Epsilon Sigma Alpha introduced Dotti Hunkele to the St. Jude mission. Then she heard Danny Thomas speak and was ‘hooked for life’

A visit to St. Jude Children’s Research Hospital with her ESA sisters sparked four decades of devotion.

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Dotti Hunkele holds a plaque in front of a mantel decorated with starfish

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Dotti Hunkele loves gardening, quilting, her miniature schnauzer named Cooper, the Dallas Cowboys, her sisters in Epsilon Sigma Alpha, her husband Cal and their kids and grandkids, and all the kids of St. Jude Children’s Research Hospital.

That’s a lot of love to spread around, but that’s Dotti.

“She’ll do anything for anybody,” Cal said. “Sometimes I have to tell her to slow down. She doesn’t listen.”

Dotti loves for keeps. She and Cal have been married for 56 years, two New Jersey kids who grew up 10 miles apart, she in a small town and he in the countryside nearby. They didn’t get together until late in their senior year of high school — “almost graduation,” Cal said — but they’ve been together ever since.

Eternal flames, you might say, Dotti and Cal.

“We were one of those naïve people who got married not long after high school,” said Cal, and what better description of a perfectly matched couple than those first three words: We were one.

“We didn’t have big expectations,” he said. “We just knew we wanted to be together.”

Things were lean but they worked hard, stuck together and everything worked out. Dotti studied and became a nurse, including on a hospital surgical floor and in a senior rest home. Cal went to business school and into banking. And in the late 1970s, a few years after they moved from New Jersey to North Carolina, Dotti joined the local chapter of ESA, an international service and leadership organization that supports a variety of charitable causes, including St. Jude.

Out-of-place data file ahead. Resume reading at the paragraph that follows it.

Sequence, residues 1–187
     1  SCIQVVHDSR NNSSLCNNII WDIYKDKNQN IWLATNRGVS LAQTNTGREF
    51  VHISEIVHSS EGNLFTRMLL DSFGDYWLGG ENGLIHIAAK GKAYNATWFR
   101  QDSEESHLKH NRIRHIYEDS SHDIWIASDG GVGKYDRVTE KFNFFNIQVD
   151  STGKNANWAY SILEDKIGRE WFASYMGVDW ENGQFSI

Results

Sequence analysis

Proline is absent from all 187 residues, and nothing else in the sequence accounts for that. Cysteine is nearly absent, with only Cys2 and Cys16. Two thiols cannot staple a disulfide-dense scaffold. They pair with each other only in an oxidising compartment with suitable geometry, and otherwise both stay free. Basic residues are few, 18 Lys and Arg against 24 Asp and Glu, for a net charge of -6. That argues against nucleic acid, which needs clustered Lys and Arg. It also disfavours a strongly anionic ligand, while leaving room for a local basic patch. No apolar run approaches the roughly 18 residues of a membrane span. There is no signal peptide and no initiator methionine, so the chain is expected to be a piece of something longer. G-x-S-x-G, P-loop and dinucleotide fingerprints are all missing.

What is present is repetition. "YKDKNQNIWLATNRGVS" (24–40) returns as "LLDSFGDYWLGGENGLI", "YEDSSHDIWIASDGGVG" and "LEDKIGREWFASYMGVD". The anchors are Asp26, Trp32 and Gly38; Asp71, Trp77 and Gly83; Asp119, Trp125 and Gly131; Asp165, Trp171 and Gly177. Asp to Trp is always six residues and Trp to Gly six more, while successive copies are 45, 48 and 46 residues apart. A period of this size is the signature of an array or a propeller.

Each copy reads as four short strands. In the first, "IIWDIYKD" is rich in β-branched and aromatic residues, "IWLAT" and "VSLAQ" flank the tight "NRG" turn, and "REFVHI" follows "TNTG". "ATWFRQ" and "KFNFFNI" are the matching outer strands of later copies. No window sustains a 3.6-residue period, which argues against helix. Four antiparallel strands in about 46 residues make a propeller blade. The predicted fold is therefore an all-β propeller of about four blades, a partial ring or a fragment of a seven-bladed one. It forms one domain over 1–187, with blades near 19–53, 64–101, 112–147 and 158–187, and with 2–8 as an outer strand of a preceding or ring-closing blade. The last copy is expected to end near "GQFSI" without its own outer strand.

ESA officially recognized St. Jude as a national project in 1972 and will celebrate 50 years of partnership in 2022. Over the years, its members have exceeded $300 million in cash and pledges for St. Jude. Drawing on the reach of its 800 chapters, ESA raises money through everything from Bunco for St. Jude to bowlathons to participation in the St. Jude Memphis Marathon Weekend.

“What really turned Dotti on was, not long after she joined, there was a convention in Memphis,” Cal said. “She and the sisters went down, and she got a chance to tour the hospital, and that evening meet (St. Jude founder) Danny Thomas.

“She was just enthralled by hearing him speak, and then actually meeting him personally that night.

“She was hooked for life.”

That was some 40 years ago, and Dotti’s devotion to St. Jude has continued through multiple moves — from North Carolina to Texas and back again — and through telethons, walks and working the concession stand on race weekends at Charlotte Motor Speedway. It was always something, Cal said. He and the other husbands got involved, too. It was one for all and all for the cause.

Shirley Fowler, a friend and fellow ESA sister of 30 years, recalls walks and radiothons and “hundreds of small projects” — yard sales, car washes (“in our younger days”) and selling pecans. She also remembers numerous local and out-of-town meetings.

“Once Dotti and I were in a mall on one of our out-of-town trips and as we roamed the ladies’ clothing aisle a salesperson asked if we were sisters,” Shirley said. “Dotti and I looked at each other, smiled and said ‘Yes!’ We have the same hair color and at that time had a similar hair style, but no other resemblance. I believe it was our togetherness that made us look like family.”

So this story is for Dotti, as a thank you for four decades of ESA-style devotion to the kids of St. Jude. Also, ALSAC, the fundraising and awareness organization for St. Jude, presented Dotti with a framed picture featuring the art of a St. Jude patient. And, Dotti's name will be added to the St. Jude Supporters Wall, located in the hallway that connects the Patient Care and Research Centers, after a recent significant donation made by the couple.